CAPE CANAVERAL, Fla. — The space shuttle Discovery's astronauts are moving up their trip to Florida to dodge stormy weather, but NASA said Friday that their trip to the international space station should launch on time next week.
The space agency had considered moving Discovery off its launch pad at NASA's Kennedy Space Center in Florida, due to the approach of Hurricane Dennis. However, on Friday morning, NASA officials said the hurricane would pass far enough to the west that Discovery could safely stay on the pad.
The center of Hurricane Dennis is due to sweep over western Florida or Louisiana by Sunday or Monday, and stormy weather in the Southeast could have complicated the astronauts' scheduled flights from Houston to the Florida space center on Sunday. As a precaution, NASA decided that the crew would fly in on Saturday night instead.
The crew would take a Gulfstream jet rather than the T-38 training jets traditionally flown by the astronauts, NBC News reported. In an e-mail advisory, NASA spokesman Mike Rein said the astronauts' arrival was scheduled for 6:30 p.m. ET, but he added that the "time may be delayed due to the uncertainty of the weather."
The shuttle is still due to take off Wednesday to carry the seven astronauts and tons of supplies to the international space station, the first shuttle mission since Columbia broke apart more than two years ago.
Last summer, Kennedy Space Center was hit by three hurricanes that caused considerable damage, particularly to the Vehicle Assembly Building, where Discovery would seek shelter in a storm.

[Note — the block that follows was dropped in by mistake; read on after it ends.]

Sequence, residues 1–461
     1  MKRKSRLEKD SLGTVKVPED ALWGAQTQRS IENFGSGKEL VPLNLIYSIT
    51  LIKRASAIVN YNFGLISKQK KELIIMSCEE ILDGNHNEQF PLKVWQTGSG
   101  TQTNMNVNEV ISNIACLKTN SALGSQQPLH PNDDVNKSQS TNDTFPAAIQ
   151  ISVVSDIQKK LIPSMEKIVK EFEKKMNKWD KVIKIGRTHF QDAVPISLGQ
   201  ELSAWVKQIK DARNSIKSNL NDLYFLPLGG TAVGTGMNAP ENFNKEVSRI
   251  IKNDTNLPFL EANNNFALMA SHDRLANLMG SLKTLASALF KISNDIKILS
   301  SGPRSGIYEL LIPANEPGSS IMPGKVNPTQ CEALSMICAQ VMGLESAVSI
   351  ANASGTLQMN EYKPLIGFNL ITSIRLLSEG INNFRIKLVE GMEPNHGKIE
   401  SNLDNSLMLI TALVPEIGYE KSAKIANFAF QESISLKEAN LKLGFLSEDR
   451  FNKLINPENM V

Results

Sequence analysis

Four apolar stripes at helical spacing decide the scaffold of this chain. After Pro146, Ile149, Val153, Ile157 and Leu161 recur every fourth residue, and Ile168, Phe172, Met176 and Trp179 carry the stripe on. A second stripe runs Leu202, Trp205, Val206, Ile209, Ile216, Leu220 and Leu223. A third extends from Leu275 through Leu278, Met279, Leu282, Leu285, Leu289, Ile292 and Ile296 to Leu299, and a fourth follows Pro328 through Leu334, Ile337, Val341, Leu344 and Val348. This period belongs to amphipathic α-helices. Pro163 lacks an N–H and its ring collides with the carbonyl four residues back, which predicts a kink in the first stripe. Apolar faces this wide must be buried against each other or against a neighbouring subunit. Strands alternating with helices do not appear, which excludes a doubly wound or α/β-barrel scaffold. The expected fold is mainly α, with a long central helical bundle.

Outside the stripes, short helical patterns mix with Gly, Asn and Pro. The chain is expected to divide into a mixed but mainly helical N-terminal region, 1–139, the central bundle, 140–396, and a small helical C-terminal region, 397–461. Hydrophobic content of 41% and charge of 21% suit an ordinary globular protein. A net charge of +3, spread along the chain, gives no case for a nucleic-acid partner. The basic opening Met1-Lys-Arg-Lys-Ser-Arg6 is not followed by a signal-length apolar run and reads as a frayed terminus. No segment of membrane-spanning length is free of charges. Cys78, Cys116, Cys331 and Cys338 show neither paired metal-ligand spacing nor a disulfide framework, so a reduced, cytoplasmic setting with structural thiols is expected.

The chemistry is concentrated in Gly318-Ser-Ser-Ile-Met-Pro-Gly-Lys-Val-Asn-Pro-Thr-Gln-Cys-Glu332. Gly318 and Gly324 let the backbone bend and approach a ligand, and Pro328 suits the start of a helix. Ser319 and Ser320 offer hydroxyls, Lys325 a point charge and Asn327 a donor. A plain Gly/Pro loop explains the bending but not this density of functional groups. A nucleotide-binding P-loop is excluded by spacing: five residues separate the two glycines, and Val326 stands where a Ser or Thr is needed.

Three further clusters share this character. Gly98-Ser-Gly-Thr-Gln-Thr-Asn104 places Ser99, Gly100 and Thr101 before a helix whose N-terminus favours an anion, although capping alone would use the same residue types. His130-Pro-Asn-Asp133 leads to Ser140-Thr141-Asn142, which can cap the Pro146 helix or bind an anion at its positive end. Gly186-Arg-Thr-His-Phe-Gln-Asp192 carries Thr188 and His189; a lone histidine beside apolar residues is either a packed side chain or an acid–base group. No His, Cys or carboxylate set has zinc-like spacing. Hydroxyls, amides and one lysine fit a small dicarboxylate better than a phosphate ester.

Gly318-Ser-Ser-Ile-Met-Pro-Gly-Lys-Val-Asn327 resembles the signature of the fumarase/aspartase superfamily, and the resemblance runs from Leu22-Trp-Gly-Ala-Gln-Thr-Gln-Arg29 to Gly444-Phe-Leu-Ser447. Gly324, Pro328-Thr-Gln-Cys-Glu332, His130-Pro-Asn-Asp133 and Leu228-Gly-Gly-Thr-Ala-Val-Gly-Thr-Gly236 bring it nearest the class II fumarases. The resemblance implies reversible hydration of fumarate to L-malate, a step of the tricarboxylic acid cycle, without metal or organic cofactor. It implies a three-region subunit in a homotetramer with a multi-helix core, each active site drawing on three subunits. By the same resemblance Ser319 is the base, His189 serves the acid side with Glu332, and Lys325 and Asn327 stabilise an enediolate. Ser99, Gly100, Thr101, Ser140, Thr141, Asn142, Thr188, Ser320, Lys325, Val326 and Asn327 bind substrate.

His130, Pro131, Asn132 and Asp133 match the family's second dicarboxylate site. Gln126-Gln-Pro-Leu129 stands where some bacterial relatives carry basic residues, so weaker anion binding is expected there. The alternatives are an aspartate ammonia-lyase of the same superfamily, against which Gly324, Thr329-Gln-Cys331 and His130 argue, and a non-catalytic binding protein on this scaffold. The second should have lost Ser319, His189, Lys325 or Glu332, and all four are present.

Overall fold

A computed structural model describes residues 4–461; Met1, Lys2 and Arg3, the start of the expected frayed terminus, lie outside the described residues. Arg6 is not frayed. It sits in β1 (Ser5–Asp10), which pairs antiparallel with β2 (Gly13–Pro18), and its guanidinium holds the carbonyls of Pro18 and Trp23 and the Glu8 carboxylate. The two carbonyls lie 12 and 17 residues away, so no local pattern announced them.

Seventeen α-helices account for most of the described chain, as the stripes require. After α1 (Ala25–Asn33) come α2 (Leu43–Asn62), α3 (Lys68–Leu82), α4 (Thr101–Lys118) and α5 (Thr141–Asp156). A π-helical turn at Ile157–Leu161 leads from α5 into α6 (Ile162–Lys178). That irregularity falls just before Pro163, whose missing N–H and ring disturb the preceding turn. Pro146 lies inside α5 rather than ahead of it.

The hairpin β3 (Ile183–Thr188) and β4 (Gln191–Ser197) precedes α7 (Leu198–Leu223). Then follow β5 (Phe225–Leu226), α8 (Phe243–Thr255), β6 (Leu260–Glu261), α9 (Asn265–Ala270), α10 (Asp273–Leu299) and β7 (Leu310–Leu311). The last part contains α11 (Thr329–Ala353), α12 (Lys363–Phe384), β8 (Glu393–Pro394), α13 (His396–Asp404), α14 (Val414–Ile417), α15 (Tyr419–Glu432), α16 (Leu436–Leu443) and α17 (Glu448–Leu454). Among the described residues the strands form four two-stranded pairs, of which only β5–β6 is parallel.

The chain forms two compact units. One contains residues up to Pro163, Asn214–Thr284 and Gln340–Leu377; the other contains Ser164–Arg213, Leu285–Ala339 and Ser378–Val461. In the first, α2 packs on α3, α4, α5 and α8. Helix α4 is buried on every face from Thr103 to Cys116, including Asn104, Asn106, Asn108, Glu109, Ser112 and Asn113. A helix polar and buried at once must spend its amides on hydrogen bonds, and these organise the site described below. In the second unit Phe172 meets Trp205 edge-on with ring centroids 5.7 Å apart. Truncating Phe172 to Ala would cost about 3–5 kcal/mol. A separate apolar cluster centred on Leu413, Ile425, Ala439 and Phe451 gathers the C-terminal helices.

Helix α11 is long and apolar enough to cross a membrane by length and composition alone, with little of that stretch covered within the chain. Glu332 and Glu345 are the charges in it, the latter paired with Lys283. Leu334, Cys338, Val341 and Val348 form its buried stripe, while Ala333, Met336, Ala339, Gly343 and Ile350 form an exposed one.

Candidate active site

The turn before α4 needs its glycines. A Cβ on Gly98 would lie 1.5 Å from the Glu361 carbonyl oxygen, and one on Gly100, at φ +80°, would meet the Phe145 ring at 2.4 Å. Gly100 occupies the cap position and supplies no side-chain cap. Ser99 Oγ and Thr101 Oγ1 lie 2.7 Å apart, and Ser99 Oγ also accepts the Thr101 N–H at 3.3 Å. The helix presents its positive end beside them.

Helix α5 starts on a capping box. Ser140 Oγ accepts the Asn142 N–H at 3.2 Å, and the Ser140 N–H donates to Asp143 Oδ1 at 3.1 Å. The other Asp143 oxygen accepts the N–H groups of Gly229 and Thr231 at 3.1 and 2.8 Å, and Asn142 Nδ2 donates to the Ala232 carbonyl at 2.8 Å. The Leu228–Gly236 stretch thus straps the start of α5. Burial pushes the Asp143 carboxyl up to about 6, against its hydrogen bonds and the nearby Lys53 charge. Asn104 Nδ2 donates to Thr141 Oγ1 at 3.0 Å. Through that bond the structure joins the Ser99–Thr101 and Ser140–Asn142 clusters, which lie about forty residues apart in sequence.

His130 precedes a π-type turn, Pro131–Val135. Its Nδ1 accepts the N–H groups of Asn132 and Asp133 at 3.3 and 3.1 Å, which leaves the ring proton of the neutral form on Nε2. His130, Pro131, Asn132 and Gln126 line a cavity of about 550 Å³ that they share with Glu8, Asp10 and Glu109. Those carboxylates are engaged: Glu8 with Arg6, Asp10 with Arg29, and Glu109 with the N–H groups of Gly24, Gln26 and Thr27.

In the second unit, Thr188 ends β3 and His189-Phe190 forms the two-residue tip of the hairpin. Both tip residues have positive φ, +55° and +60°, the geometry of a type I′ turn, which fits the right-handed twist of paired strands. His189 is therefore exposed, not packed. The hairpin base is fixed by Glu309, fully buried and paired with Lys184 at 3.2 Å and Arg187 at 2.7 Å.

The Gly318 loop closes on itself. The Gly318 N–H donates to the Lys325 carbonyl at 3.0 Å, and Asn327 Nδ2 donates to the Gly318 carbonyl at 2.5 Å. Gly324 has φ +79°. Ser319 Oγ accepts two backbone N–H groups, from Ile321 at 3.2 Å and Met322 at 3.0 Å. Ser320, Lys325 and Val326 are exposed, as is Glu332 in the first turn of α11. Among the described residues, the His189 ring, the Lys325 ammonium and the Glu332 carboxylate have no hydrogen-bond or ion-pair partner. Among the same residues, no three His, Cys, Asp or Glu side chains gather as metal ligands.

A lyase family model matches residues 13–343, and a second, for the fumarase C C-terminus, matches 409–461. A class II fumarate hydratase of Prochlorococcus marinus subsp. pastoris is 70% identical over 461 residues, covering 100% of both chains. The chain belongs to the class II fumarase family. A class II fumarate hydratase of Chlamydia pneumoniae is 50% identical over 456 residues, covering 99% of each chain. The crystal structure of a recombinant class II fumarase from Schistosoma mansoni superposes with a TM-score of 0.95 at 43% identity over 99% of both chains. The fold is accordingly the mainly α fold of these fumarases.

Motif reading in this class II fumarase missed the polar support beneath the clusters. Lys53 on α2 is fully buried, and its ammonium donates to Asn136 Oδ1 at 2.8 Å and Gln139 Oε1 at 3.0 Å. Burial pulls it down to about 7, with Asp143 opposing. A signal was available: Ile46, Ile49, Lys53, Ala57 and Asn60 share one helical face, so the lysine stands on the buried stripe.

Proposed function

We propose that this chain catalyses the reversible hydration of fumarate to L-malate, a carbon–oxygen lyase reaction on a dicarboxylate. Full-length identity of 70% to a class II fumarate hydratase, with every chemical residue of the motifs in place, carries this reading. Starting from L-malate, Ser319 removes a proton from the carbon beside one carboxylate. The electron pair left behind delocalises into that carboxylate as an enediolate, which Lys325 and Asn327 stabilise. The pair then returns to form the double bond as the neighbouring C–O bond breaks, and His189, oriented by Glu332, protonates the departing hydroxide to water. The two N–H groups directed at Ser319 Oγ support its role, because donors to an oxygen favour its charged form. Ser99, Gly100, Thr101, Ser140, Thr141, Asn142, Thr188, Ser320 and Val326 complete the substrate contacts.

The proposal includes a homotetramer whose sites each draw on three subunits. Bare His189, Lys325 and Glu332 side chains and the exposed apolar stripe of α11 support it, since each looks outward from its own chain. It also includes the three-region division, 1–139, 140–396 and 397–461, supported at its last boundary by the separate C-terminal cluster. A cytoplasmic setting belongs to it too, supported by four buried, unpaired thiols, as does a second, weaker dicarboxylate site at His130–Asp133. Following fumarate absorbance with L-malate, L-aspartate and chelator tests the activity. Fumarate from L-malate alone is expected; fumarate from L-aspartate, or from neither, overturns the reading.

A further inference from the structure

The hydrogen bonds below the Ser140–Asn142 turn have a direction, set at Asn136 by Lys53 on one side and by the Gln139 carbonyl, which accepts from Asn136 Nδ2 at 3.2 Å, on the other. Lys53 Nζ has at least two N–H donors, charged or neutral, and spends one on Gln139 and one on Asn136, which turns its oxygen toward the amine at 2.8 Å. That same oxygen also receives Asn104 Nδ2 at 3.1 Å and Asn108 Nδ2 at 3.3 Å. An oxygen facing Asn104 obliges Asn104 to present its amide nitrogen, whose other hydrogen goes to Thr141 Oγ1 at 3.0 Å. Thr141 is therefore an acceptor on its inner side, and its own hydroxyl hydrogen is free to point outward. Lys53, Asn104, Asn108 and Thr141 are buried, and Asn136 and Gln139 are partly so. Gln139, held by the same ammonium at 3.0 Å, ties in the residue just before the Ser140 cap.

Discovery was first brought out to its pad in April, but it was moved back into the assembly building in May to get a new external fuel tank with an extra heater. Engineers wanted the extra heater to prevent dangerous ice buildup from the super-cold fuel.
That work delayed the shuttle's scheduled liftoff from May to July.
NASA has until the end of July to send Discovery on a flight to the international space station. If mission managers miss that launch window, they would have to wait until September to ensure a daylight launch. Managers want the best possible views of Discovery at liftoff to see if any foam insulation or other debris falls off the tank and hits the shuttle, as happened during Columbia's 2003 flight.
The hole left in Columbia's wing caused the spacecraft to break up during re-entry. All seven astronauts were killed.
This report includes information from NBC News and The Associated Press.
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